Reserve Bank of India (RBI) Governor Raghuram Rajan, whose three-year term comes to an end in nine weeks, on Thursday pitched for a longer tenure for the central bank head, saying the global practice has to be emulated in India as well.
Rajan, who briefed Parliament’s Standing Committee of Finance on various aspects of economy and nonperforming asset (NPA) in banks, was asked by members on what should be the tenure of the RBI Governor, sources said. He told the members that a three-year term is “short”.
On whether it should be five years, Rajan is believed to have cited the case of US Federal Reserve.
In the US Fed, in addition to serving as members of the Board, the Chairman and Vice-Chairman serve terms of four years and may be reappointed to those roles who in turn serve until their terms as Governors expire.
Rajan, whose current three-year tenure ends on September 4, has already said no to a second term.
Global government debt with negative yields has increased by more than a trillion dollars since the end of May after the UK’s Brexit vote sent investors scrambling for safe haven assets.
The amount of sovereign debt with negative yields, meaning if investors hold the bonds to maturity they will get back less they put in, was $11.7tn on Monday, a rise of $1.3tn since the end of May, according to data from Fitch Ratings.
Frenzied demand for high-rated government debt in the wake of Great Britain’s vote to part ways with the EU have sent sent yields a swath of haven bonds plumbing new lows.
“Worries over the global growth outlook, further fueled by Brexit, have continued to support demand for higher-quality sovereign paper in June,” Fitch said.
Strikingly, debt of increasingly long maturities has fallen into negative-yielding territory, with the level of bonds with maturities of seven years or more swelling to $2.6tn from $1.4tn at the end of April.
The Brexit vote is a game-changer for EM. While the direct impact on EM is limited, the damage to market sentiment is undeniable. And to make matters worse, there will be a protracted period of uncertainty as the UK and the EU negotiate the divorce proceedings.
We do not think individual country stories will matter much in this new investment climate, where risk assets are likely to remain under broad-based selling pressures. We believe that Asia will outperform, while Latam and EMEA are likely to underperform.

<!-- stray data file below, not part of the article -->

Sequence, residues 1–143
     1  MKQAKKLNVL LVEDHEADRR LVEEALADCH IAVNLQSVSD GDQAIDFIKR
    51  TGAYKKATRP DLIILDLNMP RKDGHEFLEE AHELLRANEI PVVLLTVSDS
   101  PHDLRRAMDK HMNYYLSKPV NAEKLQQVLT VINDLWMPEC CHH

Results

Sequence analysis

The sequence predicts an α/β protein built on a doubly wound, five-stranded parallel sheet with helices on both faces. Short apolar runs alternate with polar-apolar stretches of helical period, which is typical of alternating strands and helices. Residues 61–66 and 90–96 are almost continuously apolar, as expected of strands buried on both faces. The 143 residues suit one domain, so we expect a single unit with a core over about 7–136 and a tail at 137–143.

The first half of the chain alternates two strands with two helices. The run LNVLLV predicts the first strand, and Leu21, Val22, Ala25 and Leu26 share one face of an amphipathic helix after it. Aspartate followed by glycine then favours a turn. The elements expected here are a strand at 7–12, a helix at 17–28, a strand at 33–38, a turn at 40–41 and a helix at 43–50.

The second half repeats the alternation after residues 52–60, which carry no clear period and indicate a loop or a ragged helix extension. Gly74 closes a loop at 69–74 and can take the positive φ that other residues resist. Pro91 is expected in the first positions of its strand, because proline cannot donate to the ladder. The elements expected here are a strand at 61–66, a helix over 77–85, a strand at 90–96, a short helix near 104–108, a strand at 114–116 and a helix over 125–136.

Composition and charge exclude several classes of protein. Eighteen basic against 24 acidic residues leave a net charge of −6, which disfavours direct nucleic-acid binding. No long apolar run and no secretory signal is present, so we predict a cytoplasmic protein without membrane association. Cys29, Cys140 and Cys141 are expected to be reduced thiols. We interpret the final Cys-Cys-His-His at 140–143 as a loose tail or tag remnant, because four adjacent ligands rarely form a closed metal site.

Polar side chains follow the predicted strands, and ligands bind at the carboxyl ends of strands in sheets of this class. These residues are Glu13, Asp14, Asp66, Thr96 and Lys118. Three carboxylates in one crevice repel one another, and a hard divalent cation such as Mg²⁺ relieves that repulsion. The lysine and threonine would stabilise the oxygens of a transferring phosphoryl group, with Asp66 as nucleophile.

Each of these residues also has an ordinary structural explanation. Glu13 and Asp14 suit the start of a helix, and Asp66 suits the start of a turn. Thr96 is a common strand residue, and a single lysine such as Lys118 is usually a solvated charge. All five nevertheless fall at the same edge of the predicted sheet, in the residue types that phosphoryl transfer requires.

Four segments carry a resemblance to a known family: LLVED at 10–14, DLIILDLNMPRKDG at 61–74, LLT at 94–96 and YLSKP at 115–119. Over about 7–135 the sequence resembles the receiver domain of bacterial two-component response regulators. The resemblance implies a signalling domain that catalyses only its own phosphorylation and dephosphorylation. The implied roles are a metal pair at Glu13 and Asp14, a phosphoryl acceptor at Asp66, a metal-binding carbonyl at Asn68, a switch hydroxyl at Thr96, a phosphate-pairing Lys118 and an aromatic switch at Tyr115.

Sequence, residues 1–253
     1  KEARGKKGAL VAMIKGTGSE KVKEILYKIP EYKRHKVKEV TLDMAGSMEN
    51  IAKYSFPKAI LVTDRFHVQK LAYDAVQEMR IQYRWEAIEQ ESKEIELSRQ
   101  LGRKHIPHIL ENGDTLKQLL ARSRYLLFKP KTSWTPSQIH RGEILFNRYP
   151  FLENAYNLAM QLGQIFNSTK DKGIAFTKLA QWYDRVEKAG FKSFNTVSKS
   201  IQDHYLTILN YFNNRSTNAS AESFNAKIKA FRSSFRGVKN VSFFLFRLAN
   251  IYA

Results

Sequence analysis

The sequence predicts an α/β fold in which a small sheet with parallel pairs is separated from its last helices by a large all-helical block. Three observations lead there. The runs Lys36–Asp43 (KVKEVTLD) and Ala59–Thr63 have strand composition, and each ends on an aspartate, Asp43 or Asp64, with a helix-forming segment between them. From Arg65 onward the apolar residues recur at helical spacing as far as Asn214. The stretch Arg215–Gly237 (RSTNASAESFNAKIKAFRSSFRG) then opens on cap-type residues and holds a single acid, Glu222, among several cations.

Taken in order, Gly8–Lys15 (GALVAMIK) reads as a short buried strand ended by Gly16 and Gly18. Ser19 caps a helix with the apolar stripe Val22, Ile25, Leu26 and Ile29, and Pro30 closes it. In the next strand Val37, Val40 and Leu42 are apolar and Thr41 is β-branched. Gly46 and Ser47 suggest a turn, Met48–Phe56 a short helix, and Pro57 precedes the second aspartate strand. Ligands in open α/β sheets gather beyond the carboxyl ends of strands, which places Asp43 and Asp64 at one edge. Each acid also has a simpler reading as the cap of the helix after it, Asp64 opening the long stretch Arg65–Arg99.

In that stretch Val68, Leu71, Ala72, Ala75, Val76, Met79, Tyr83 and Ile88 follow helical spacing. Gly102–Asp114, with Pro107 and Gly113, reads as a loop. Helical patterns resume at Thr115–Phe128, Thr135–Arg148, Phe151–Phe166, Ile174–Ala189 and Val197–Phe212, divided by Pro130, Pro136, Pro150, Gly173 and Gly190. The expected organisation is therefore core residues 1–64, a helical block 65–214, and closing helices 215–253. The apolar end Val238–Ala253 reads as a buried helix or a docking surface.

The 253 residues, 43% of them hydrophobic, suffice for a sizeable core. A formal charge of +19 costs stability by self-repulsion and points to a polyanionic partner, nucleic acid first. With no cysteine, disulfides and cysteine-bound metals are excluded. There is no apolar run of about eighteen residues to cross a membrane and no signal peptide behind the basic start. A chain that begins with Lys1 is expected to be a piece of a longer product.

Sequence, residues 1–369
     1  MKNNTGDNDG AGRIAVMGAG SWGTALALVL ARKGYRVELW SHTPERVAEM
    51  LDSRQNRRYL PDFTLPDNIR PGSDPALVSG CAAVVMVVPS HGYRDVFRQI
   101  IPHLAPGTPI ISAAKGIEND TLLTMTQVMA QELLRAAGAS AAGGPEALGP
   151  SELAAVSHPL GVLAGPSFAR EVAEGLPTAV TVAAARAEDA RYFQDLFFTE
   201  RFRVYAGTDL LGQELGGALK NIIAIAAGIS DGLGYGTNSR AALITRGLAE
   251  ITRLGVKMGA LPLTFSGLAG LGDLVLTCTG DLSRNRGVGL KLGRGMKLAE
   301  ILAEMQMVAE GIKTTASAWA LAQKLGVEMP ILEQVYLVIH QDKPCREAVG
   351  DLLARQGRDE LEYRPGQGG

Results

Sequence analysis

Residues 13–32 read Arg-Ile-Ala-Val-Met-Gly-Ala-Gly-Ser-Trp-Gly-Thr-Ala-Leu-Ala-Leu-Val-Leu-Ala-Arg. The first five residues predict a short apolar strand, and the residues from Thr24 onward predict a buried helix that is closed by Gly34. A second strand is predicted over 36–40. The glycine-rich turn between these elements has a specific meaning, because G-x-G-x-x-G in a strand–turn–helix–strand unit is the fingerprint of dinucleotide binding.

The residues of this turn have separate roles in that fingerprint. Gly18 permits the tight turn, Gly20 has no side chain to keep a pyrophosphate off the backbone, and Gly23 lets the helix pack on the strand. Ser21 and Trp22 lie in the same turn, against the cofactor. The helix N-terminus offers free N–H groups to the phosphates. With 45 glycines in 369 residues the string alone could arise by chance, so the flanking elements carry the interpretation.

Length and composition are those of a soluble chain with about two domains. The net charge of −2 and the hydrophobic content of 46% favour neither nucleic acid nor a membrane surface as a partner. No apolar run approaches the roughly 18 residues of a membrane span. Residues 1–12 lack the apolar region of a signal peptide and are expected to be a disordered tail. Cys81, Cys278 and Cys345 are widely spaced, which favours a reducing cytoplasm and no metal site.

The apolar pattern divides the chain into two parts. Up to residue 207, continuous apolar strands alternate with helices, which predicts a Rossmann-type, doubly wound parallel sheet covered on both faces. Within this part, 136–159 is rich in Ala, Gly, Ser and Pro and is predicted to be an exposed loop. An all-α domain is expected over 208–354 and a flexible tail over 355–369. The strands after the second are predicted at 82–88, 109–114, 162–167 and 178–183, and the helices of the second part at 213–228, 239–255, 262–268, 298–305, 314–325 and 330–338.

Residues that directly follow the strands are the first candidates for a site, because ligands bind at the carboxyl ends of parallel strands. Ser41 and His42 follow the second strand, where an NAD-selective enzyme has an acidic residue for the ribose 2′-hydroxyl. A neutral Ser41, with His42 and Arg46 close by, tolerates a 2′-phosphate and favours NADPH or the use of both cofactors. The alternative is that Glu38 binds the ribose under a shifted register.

Bank of Israel meets Monday and is expected to keep rates steady at 0.10%. Deflation persists, with CPI at -0.8% y/y, well below the 1-3% target range. Yet the central bank is hesitant to enact unconventional policies due to growing concerns about a housing bubble. For now, the weaker shekel will be very welcome by policymakers in terms of stimulating the economy.
Mexico reports May trade data Monday, where a -$2.16 bln deficit is expected. Banco de Mexico meets Thursday and is expected to hike rates 25 bp to 4.0%. However, the market is split. Of the 15 analysts polled by Bloomberg, 7 see no change, 5 see a 25 bp hike, and 3 see a 50 bp hike to 4.25%. We see a close call, 50/50 odds between no hike and a 25 bp hike. The weak peso is obviously a concern, but the inflation pass-through has been minimal.
Brazil’s central bank releases its quarterly inflation report Tuesday. This will be the first one prepared under Goldfajn, and will be very important in setting the tone for H2. We think rising price pressures and a weaker BRL could prevent a cut at the next COPOM meeting July 20. Brazil then reports June IGP-M wholesale inflation Wednesday, which is expected to accelerate to 12% y/y from 11.1% in May. Brazil also reports consolidated budget data for May Wednesday, with a primary deficit of –BRL17.1 bln expected. Brazil reports May IP Friday, which is expected at -8.1% y/y vs. -7.2% in April. Brazil also reports June trade Friday.
The Bank of Japan’s holdings of Japanese government bonds have reached a third of the outstanding balance, resulting from large-scale purchases under its monetary easing program.
The central bank held 364 trillion yen ($3.49 trillion) in JGBs as of March 31, up 32.7% from a year earlier, according to preliminary flow of funds data for the January-March quarter released Friday. This accounts for a record 33.9% of all JGBs.
The BOJ held 13% of the total as of March 31, 2013, before it engaged in aggressive monetary easing under Gov. Haruhiko Kuroda the following month.
The percentage appears to have grown further, considering BOJ figures show holdings have risen to 373 trillion yen as of June 10. The central bank will own half of all JGBs sometime in 2018, predicts Hidenori Suezawa of SMBC Nikko Securities.
The BOJ’s purchases and its negative interest rate policy have caused JGB yields to fall, pushing the yield on newly issued 10-year bonds into negative territory. And with concerns over the U.K. leaving the European Union spurring investors to seek the safety of JGBs, the yield on 40-year instruments touched a record-low 0.195% on Friday.
Central banks in Japan, the U.S. and Europe are discussing an emergency supply of dollars to financial markets, seeking to ensure continued access to the currency even if the pound plunges in the event that the U.K. votes to exit the European Union.
The Bank of England provided 2.46 billion pounds ($3.46 billion) to banks Tuesday, while the European Central Bank will on Wednesday begin a new round of open market operations to supply euros. But the risk remains that European financial institutions with dollar-denominated debt will have a tougher time accessing the American currency.
The BOE’s monetary policy summary released Thursday mentioned “deterioration in global risk sentiment” due partly to “increasing uncertainty” ahead of the June 23 referendum on whether the U.K. should leave the EU — a so-called Brexit. Making dollars more easily accessible would offer a safety net to contain this uncertainty if worse comes to worst.
The likely plan is to use dollar swap lines between the Federal Reserve and central banks in Japan, Canada and Europe, letting these institutions borrow dollars from the Fed to lend to financial institutions within their jurisdictions.